Prediction of Traffic Noise Shielding by City Street Canyons
Doctoral thesis, 2004
Reducing the sound level on the exposed building facades due to traffic noise in cities is difficult and expensive. Creating access for the inhabitants to a quiet side can be an alternative method for reducing the annoyance. Therefore it is of interest to predict the level on shielded positions such as courtyards. This is however difficult using traditional methods. Distant sources contribute to the level, and multiple reflections can be very important. The equivalent sources method is used here to make predictions for canyon-like geometries. This method is extended to include effects of diffusion, absorption and atmospheric turbulence in order to improve the predictions. Substantial decreases on quiet side sound levels have been shown when introducing absorption and diffusion, and small increases have been shown due to turbulence.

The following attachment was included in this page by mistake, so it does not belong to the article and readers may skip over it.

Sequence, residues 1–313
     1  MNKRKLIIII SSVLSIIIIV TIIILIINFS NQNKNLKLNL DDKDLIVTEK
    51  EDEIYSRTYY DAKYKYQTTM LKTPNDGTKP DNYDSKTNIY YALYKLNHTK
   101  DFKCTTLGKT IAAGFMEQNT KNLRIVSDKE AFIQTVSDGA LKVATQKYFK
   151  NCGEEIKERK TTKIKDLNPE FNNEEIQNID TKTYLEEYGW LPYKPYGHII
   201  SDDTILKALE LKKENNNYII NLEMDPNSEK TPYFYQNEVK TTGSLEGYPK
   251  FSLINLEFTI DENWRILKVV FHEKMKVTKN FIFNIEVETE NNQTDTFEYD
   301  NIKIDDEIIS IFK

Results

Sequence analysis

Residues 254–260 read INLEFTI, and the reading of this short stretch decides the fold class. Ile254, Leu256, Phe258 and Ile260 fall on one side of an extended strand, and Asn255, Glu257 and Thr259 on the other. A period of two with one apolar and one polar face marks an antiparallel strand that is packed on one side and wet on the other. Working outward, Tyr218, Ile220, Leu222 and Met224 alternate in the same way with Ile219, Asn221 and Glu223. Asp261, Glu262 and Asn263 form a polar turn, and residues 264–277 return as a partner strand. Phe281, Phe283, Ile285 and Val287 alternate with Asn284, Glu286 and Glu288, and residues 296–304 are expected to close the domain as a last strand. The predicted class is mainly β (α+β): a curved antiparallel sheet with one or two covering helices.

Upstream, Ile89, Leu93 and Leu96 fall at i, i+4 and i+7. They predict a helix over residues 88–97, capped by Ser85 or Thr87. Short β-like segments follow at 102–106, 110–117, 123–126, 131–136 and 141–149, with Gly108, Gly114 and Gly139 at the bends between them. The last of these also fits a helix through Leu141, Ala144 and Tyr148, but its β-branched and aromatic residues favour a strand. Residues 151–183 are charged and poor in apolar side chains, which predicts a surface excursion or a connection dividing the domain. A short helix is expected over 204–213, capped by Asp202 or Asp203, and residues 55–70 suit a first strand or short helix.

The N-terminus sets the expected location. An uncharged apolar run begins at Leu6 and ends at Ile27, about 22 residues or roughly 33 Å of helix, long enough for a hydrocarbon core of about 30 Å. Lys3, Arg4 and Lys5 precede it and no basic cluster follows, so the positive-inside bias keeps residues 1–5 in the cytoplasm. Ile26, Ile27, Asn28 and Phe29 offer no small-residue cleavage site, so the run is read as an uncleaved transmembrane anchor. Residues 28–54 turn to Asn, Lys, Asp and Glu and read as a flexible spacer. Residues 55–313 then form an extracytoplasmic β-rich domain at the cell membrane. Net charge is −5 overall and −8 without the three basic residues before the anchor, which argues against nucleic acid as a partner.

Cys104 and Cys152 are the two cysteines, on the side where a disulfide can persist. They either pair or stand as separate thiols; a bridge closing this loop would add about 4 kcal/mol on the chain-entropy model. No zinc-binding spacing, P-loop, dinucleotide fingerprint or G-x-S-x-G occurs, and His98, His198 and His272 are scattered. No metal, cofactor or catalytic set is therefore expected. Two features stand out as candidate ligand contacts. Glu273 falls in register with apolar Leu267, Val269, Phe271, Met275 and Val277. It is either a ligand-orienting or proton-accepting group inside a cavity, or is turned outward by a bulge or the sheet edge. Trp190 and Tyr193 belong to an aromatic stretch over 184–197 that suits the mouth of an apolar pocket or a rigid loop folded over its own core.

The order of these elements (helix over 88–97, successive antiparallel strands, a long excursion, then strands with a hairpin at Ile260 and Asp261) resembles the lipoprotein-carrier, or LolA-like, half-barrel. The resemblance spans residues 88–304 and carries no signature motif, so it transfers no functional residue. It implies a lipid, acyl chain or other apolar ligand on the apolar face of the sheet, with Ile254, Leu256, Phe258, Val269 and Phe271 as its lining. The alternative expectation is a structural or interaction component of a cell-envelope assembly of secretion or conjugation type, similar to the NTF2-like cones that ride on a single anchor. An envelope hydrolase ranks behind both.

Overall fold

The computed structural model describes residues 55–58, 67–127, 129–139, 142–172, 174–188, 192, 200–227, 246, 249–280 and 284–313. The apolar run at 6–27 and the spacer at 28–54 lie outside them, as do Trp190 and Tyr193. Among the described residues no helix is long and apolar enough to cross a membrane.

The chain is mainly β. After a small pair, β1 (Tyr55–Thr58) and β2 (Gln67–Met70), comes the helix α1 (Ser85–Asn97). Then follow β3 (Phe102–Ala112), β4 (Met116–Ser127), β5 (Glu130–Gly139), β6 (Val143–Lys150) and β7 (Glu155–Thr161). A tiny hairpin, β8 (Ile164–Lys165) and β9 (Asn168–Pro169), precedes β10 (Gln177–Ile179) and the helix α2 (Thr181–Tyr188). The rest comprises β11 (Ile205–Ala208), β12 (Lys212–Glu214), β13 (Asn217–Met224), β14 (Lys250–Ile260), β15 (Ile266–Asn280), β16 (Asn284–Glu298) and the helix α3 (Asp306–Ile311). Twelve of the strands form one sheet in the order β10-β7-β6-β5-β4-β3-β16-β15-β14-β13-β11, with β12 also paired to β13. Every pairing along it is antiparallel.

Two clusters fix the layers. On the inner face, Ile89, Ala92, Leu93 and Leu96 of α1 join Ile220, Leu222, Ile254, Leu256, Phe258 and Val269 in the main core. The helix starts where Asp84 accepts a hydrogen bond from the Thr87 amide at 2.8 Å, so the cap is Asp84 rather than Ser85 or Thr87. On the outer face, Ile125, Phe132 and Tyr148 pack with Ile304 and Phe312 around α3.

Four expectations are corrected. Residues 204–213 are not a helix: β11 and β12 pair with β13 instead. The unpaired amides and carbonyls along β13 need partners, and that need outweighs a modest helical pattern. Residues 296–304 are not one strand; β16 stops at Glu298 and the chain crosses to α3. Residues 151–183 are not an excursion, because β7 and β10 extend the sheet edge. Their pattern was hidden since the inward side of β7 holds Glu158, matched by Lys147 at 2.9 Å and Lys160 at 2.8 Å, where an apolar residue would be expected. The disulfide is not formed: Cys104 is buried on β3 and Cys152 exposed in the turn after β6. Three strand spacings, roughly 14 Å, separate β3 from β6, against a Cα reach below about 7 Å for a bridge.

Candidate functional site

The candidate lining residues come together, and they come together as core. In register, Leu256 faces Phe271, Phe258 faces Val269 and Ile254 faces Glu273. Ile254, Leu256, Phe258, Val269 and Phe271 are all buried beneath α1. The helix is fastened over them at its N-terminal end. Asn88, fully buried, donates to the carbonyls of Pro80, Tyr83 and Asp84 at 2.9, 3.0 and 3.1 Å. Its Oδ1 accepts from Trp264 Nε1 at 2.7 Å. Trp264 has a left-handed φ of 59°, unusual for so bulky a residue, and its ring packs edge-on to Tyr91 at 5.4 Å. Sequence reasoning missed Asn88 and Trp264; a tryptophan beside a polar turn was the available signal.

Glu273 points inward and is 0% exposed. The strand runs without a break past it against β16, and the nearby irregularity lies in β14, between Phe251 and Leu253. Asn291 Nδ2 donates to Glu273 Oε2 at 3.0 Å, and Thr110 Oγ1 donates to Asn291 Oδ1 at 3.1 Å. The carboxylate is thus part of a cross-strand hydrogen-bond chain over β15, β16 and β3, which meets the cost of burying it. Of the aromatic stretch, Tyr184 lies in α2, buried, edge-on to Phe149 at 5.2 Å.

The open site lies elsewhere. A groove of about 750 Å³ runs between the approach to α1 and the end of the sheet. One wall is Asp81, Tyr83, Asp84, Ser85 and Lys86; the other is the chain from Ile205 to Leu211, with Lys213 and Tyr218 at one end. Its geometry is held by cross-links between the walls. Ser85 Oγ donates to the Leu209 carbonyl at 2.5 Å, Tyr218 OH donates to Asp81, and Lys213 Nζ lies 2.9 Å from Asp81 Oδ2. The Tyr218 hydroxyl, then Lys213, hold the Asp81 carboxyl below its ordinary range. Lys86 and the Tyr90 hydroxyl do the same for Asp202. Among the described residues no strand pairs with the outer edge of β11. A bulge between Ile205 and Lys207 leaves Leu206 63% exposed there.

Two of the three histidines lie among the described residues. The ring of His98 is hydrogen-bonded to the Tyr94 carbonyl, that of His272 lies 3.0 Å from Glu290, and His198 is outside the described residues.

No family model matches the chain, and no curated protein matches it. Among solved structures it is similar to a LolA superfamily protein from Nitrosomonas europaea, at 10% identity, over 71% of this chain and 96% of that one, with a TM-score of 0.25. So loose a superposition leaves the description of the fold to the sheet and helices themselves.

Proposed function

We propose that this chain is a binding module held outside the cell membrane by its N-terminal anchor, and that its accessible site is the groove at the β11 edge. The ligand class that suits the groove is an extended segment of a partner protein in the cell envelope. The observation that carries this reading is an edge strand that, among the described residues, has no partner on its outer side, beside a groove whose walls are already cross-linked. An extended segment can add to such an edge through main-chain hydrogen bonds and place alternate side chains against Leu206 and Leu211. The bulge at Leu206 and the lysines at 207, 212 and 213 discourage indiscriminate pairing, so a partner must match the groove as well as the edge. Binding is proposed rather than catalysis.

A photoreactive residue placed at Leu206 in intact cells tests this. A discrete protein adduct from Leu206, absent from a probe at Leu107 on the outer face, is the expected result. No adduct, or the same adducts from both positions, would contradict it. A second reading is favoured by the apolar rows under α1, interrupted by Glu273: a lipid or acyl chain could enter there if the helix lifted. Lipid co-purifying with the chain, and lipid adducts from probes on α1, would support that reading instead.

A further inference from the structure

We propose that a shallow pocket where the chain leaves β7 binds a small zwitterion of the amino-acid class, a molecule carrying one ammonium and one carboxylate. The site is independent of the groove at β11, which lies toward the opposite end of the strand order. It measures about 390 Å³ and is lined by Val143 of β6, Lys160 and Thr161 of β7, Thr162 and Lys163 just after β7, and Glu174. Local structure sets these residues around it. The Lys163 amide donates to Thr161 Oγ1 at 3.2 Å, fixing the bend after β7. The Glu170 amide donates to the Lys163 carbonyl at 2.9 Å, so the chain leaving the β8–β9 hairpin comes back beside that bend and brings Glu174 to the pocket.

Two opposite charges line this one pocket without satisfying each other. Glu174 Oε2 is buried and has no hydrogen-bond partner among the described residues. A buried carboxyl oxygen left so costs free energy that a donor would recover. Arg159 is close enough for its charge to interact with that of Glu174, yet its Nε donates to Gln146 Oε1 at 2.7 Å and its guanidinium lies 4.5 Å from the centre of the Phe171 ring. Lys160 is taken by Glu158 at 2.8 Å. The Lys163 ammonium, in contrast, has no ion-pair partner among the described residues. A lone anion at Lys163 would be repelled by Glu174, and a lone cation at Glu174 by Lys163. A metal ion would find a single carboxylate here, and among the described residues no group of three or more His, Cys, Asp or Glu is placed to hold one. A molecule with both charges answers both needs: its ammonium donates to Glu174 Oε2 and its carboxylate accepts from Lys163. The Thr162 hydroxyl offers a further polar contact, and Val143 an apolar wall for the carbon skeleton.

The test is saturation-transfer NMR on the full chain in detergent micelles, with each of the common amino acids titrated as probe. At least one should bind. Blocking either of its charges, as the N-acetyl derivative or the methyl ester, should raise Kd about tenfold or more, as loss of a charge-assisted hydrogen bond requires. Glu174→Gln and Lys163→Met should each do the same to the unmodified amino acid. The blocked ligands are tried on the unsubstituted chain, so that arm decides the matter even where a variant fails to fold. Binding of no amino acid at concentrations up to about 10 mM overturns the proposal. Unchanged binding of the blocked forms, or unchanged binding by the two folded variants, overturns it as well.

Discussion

Measurements indicate that the level is relatively constant for courtyards throughout a city area, and a very simple model called the flat city model is proposed to explain this effect. This model assumes that all sources and receivers are located on a flat rigid plane. The effect of shielding by buildings is introduced as a correction term determined from measurements, and this term is within a relatively small range (6-10 dB) for all the areas studied.